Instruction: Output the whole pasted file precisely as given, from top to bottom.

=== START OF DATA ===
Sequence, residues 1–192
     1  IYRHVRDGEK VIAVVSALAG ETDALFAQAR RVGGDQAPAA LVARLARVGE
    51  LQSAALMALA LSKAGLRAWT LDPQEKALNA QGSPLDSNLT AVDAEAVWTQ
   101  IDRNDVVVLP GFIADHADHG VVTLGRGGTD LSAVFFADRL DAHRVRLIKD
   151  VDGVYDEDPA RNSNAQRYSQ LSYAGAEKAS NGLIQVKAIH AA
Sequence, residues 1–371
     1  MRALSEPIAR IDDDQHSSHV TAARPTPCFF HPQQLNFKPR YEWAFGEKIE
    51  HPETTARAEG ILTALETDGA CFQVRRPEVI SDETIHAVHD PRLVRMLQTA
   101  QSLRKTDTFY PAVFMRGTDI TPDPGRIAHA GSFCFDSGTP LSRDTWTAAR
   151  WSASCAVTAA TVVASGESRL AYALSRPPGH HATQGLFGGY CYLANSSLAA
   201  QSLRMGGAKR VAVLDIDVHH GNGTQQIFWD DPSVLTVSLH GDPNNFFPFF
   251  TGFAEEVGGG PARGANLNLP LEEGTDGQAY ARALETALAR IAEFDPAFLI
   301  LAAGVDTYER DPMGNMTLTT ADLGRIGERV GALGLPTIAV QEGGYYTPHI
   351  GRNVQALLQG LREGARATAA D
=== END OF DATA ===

Sequence, residues 1–192
     1  IYRHVRDGEK VIAVVSALAG ETDALFAQAR RVGGDQAPAA LVARLARVGE
    51  LQSAALMALA LSKAGLRAWT LDPQEKALNA QGSPLDSNLT AVDAEAVWTQ
   101  IDRNDVVVLP GFIADHADHG VVTLGRGGTD LSAVFFADRL DAHRVRLIKD
   151  VDGVYDEDPA RNSNAQRYSQ LSYAGAEKAS NGLIQVKAIH AA
Sequence, residues 1–371
     1  MRALSEPIAR IDDDQHSSHV TAARPTPCFF HPQQLNFKPR YEWAFGEKIE
    51  HPETTARAEG ILTALETDGA CFQVRRPEVI SDETIHAVHD PRLVRMLQTA
   101  QSLRKTDTFY PAVFMRGTDI TPDPGRIAHA GSFCFDSGTP LSRDTWTAAR
   151  WSASCAVTAA TVVASGESRL AYALSRPPGH HATQGLFGGY CYLANSSLAA
   201  QSLRMGGAKR VAVLDIDVHH GNGTQQIFWD DPSVLTVSLH GDPNNFFPFF
   251  TGFAEEVGGG PARGANLNLP LEEGTDGQAY ARALETALAR IAEFDPAFLI
   301  LAAGVDTYER DPMGNMTLTT ADLGRIGERV GALGLPTIAV QEGGYYTPHI
   351  GRNVQALLQG LREGARATAA D